Interviews

Artist Interview: Arthur Black

todaySeptember 15, 2022 24

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By Kylie Hogg
Music Journalist

I sat down with Arthur Black, one of three local artists expected to perform at The Porch this week for KTSW’s September Third Thursday, to talk about his most recent album, Broken Pop Machine. I was interested to learn more about his beginnings in music, as well as his opinions on that ever-so-controversial word in the music world right now: genre!

Kylie Hogg: I listened to your most recent album, Broken Pop Machine, and it reminds me a lot of Frank Ocean collaborated with Kid Cudi. Would you agree?

Arthur Black: I actually really like that comparison because I’m a big fan of Frank Ocean; I’m a big fan of Kid Cudi. I’m not mad at that at all!

Kylie Hogg: So then do you think there are any other artists that inspired your writing when you went into making the album?

Arthur Black: Honestly, when I was making that album, [Broken Pop Machine] I don’t think I was listening to anyone in particular; I was trying to make what I felt at the moment. As far as artists that are always going to influence me: Kanye West has always been a big influence on my music. Andre 3000 is also a big influence on my music and… Prince!

Kylie Hogg: OK! I wanted to ask you about the song, “Addict,” from that same album [Broken Pop Machine] because that whole album is more rap RnB tracks, but “Addict” is more synthy, more of a dance song. It kind of throws the album for a curve ball. What made you throw that song on the album?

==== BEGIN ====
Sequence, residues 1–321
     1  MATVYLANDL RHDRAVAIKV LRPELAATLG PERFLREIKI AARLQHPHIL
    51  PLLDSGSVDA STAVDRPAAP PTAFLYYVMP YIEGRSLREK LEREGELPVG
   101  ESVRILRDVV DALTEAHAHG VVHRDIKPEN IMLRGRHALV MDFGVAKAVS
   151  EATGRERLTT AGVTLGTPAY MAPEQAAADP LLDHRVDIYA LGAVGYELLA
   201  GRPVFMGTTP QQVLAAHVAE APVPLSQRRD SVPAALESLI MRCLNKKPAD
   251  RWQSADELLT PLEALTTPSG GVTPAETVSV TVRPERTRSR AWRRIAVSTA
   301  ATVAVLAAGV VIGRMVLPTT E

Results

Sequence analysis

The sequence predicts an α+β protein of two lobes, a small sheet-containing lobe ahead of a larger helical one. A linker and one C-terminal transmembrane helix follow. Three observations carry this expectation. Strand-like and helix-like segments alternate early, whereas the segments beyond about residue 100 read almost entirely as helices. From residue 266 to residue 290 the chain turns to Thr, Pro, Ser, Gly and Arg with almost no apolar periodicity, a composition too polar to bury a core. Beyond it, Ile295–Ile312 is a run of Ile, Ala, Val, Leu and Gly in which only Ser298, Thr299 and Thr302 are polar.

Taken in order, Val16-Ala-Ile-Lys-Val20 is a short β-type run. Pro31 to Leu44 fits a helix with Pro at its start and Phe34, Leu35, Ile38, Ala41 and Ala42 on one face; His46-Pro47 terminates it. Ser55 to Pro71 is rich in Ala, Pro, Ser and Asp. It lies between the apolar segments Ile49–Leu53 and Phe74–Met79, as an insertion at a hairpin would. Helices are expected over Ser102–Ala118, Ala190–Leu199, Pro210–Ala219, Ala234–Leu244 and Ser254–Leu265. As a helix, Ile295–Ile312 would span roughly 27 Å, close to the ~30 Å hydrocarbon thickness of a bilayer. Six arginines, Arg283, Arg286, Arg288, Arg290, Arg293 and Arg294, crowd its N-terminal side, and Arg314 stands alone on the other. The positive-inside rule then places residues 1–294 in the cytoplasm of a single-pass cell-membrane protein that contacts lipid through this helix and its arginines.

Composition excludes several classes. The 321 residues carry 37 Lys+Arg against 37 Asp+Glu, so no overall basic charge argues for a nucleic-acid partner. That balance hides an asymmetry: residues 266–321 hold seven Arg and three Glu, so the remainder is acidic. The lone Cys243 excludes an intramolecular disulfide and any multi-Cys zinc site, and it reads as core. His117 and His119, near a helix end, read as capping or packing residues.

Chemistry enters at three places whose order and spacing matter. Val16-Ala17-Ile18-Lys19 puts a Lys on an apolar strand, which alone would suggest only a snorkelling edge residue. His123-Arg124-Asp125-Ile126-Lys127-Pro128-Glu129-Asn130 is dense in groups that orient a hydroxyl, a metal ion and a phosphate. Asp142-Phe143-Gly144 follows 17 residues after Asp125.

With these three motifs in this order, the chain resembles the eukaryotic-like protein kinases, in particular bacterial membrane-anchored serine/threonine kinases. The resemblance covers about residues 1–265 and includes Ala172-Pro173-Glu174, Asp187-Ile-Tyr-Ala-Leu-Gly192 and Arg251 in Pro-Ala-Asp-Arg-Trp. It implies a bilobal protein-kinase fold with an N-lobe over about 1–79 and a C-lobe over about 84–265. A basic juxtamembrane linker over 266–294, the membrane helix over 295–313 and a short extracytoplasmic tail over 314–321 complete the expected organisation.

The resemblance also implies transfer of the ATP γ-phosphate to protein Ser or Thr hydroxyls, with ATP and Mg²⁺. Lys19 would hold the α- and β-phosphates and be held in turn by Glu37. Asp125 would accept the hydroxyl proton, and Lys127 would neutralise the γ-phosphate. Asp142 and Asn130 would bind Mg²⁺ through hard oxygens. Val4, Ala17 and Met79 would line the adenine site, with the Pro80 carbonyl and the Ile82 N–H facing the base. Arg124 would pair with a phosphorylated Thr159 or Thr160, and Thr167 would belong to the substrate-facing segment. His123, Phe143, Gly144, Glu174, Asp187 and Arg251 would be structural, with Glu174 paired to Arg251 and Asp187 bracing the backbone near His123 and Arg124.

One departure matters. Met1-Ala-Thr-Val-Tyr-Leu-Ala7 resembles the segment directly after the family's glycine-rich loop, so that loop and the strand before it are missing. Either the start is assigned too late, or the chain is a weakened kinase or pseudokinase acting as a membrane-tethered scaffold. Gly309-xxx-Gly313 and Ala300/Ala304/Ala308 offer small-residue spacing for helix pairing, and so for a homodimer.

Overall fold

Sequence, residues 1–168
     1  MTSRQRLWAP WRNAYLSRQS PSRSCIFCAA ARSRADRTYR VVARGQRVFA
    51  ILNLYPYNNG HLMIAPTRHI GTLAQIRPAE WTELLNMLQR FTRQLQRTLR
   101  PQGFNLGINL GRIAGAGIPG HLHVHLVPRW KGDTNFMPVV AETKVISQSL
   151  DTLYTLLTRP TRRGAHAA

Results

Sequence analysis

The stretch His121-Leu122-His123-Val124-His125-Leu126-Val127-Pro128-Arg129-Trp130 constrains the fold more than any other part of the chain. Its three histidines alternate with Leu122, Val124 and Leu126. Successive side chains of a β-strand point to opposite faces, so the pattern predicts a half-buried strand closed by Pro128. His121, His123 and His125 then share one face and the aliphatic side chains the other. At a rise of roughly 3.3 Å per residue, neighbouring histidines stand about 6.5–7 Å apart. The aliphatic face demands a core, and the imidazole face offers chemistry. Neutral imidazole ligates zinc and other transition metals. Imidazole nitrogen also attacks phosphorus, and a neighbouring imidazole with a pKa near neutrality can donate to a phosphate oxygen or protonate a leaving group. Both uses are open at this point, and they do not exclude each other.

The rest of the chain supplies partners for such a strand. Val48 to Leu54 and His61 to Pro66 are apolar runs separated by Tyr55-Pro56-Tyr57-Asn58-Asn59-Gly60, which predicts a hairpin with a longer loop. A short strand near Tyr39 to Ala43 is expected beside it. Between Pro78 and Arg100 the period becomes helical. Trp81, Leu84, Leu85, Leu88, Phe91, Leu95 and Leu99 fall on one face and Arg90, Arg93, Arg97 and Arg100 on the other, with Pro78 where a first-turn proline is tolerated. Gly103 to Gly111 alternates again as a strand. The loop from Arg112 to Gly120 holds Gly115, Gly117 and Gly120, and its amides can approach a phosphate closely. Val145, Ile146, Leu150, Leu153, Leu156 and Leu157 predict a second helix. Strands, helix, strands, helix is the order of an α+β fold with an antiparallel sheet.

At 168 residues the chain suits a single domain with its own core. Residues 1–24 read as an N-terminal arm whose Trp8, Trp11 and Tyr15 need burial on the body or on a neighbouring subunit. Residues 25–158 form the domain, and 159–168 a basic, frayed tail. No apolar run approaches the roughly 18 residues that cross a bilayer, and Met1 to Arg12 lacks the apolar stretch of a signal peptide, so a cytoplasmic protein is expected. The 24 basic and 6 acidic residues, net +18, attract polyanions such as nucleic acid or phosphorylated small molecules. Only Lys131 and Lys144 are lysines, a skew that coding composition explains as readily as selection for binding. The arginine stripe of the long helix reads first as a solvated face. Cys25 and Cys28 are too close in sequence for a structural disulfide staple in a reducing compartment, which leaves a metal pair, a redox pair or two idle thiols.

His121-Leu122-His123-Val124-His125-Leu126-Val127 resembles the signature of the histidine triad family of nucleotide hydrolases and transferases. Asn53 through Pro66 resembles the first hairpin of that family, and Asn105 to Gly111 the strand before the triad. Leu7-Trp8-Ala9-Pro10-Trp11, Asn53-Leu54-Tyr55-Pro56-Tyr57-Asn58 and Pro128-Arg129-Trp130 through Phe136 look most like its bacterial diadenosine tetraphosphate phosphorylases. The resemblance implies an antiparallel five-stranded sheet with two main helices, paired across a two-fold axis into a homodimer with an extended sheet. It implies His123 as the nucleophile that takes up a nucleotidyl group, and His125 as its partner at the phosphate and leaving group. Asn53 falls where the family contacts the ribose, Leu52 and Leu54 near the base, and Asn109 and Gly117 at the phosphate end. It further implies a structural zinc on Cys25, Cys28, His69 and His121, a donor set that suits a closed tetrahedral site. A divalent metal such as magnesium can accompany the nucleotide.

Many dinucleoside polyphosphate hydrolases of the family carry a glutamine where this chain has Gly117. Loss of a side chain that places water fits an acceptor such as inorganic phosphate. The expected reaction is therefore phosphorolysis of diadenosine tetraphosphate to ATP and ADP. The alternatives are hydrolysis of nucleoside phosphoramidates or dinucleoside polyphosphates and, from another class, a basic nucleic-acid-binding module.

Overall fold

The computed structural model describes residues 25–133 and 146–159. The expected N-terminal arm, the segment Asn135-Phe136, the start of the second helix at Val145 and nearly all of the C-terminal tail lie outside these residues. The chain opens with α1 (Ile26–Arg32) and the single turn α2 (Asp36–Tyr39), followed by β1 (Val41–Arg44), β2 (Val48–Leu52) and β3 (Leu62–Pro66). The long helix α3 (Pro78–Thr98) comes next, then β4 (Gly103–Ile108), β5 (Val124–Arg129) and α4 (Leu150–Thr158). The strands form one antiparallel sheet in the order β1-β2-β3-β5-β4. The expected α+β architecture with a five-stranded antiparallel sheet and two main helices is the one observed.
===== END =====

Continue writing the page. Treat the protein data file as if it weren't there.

Arthur Black: I don’t think I have a single song like “Addict.” While I was making a beat, there was a synth pattern that I was playing on the keyboard. After I added the next beat I was like, “Woah! That’s kinda cool, right?”

Kylie Hogg: Yeah!

Arthur Black: That’s kinda catchy! I did the four on the floor, added the drums and – before I knew it – I had a song that I never thought I would make in my catalog! Honestly, that song took me about twenty minutes to make. It was so simple, but it just ended up coming out like that. It wasn’t really something I thought of or expected to really make just one of those lightning in a bottle moments.

Kylie Hogg: I feel like it’s such a good addition because that whole album has its own attitude but then that one [song] is a surprise; it’s a great ‘get to know you album,’ I feel. Because, when you’re trying to introduce an artist to someone you wanna give them an album to listen to that leaves a good impression. I feel like Broken Pop Machine is that album for you.

Arthur Black: Definitely, definitely

Kylie Hogg: I know of some artists who gravitate towards telling stories through their albums by grouping a ton of songs together that they think sound similar. What do you think your process is for making an album?

Arthur Black: My process depends more on where I am at the moment. I feel like every album I’ve made represents a time in my life; I feel like I was surrounded by a lot of new energy when I made that album [Broken Pop Machine]. I was also working with Alvynne! Alvynne!, who helped with a lot of the production – so did Billy Blunt. Billy played the guitar on “Insert,” and on, “Stitches.” I had just gotten this new piece of equipment – it was called the Apollo – and as soon as I got it, I started making music like crazy because I was like “Yo! Everything I’m making is starting to sound really good!” My house became the spot, and I just started having all my homies come over and all the producers I f*** with come over… I feel like it was a group, collective, effort. Like a “We did it” type of feeling when we finally got it out.